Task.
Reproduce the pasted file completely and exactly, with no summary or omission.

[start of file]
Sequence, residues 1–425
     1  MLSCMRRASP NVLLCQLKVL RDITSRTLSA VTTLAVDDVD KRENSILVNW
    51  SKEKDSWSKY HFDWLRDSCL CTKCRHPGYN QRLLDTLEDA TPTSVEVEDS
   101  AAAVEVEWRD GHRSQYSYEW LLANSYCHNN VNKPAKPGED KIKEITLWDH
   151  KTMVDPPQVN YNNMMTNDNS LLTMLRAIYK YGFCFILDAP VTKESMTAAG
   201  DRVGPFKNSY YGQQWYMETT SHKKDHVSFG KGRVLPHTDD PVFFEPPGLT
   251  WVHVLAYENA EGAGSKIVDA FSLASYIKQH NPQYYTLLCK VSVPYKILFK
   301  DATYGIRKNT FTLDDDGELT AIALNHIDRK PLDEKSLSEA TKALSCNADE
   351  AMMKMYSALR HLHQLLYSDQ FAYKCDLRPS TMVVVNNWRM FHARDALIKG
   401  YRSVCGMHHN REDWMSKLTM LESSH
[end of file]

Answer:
Sequence, residues 1–425
     1  MLSCMRRASP NVLLCQLKVL RDITSRTLSA VTTLAVDDVD KRENSILVNW
    51  SKEKDSWSKY HFDWLRDSCL CTKCRHPGYN QRLLDTLEDA TPTSVEVEDS
   101  AAAVEVEWRD GHRSQYSYEW LLANSYCHNN VNKPAKPGED KIKEITLWDH
   151  KTMVDPPQVN YNNMMTNDNS LLTMLRAIYK YGFCFILDAP VTKESMTAAG
   201  DRVGPFKNSY YGQQWYMETT SHKKDHVSFG KGRVLPHTDD PVFFEPPGLT
   251  WVHVLAYENA EGAGSKIVDA FSLASYIKQH NPQYYTLLCK VSVPYKILFK
   301  DATYGIRKNT FTLDDDGELT AIALNHIDRK PLDEKSLSEA TKALSCNADE
   351  AMMKMYSALR HLHQLLYSDQ FAYKCDLRPS TMVVVNNWRM FHARDALIKG
   401  YRSVCGMHHN REDWMSKLTM LESSH